UBC Theses and Dissertations

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UBC Theses and Dissertations

Salmonella Typhimurium based genome-wide CRISPR/Cas9 knockout screen to study p16 degradation Dawo, Sebastian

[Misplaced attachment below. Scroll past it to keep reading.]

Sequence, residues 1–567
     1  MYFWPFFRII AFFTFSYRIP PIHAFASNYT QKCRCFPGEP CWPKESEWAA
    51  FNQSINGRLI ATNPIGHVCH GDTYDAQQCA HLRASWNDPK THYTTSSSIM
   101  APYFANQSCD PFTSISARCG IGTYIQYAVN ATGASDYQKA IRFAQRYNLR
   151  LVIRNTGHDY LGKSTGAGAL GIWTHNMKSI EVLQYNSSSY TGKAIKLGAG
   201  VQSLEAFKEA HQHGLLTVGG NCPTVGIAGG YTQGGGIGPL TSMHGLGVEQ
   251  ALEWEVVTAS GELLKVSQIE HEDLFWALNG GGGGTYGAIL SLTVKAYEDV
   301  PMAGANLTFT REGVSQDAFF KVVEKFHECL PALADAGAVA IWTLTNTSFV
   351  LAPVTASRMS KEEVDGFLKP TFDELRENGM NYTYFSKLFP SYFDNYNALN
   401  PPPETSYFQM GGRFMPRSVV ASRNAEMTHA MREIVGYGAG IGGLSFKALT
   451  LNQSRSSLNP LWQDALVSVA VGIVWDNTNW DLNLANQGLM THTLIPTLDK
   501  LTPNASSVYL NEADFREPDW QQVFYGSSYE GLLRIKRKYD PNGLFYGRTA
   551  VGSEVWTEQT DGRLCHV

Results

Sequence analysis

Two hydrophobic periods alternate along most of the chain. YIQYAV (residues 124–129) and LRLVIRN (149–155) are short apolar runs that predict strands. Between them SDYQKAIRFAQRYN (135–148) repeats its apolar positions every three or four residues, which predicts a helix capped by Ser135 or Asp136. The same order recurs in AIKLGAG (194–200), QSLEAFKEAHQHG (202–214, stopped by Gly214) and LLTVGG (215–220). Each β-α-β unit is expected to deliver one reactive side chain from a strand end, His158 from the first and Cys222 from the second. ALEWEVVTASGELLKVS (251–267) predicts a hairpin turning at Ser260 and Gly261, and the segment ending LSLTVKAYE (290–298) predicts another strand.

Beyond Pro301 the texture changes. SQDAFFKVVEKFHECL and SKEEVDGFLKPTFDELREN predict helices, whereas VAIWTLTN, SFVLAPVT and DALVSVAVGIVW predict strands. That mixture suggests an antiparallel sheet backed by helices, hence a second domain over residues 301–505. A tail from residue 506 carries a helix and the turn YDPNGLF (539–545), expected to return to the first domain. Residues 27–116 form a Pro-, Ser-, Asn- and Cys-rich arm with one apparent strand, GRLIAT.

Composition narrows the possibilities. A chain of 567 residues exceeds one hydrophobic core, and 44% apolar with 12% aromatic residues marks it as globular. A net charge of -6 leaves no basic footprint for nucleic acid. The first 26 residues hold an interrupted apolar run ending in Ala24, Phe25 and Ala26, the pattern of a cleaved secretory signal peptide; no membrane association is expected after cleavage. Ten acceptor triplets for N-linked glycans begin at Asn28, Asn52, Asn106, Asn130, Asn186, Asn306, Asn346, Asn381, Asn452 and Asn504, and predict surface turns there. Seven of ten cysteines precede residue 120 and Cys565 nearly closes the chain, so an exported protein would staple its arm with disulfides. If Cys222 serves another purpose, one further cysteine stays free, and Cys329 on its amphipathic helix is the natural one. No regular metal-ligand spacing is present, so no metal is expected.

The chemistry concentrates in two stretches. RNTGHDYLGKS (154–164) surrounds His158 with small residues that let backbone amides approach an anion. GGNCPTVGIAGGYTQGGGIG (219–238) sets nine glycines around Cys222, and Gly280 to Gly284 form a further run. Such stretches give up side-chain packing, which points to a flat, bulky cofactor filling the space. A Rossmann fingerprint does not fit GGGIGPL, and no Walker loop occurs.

The state of a cell and cell function is ultimately characterized by the expression of specific proteins. The equilibrium of a “healthy” amount of protein is maintained by the balance between newly generated proteins via translation and the degradation. Proteins half-life in eukaryotic cells can span from minutes to several days and are tightly controlled by the selective degradation of proteins via the ubiquitin-proteasome system. Finding specific genes that are involved in the degradation of a protein of interest harbours many applications for translational medicine, but also enables a better understanding of basic cellular biology. To enable such screens, we have established a FACS-based genome-wide CRISPR/Cas9 knockout screening platform, based on protein delivery via the type three secretion system (T3SS) of an avirulent strain of Salmonella typhimurium. We discovered that the delivered proteins are dynamically degraded following transfer, therefore this protein delivery system offers a suitable and unique approach to study protein degradation. As a proof of concept, we studied the poorly understood degradation of the key tumor suppressor protein p16, which additionally is lysine-free, contradicting a longstanding concept that canonical ubiquitin is conjugated to a lysine residue. The screen yielded several promising candidate genes including genes of the Torsin family, the Sec62/63 complex, and COPS6. Validation of the candidate genes uncovered THAP1 as a potential general regulator of protein degradation. We anticipate this method will offer novel mechanistic insights into the degradation of intracellularly delivered proteins and might uncover new pathways of protein homeostasis.

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